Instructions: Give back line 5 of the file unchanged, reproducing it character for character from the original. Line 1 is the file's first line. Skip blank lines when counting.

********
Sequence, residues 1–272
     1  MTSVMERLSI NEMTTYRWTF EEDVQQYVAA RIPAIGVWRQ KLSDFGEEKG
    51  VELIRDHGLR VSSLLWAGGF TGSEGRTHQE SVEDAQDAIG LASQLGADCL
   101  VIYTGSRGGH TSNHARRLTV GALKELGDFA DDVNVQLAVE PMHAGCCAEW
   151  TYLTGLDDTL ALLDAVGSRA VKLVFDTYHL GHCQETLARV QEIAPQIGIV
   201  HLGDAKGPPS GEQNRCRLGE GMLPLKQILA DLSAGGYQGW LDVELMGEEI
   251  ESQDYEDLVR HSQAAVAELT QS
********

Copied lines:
   151  TYLTGLDDTL ALLDAVGSRA VKLVFDTYHL GHCQETLARV QEIAPQIGIV